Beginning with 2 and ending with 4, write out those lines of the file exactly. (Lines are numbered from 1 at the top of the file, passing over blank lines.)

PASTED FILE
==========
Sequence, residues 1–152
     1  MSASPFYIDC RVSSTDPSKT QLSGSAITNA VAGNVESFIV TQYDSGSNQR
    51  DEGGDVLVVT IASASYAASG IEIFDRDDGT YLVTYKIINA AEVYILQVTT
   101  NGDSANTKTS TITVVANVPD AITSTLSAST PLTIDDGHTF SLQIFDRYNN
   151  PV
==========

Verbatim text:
     1  MSASPFYIDC RVSSTDPSKT QLSGSAITNA VAGNVESFIV TQYDSGSNQR
    51  DEGGDVLVVT IASASYAASG IEIFDRDDGT YLVTYKIINA AEVYILQVTT
   101  NGDSANTKTS TITVVANVPD AITSTLSAST PLTIDDGHTF SLQIFDRYNN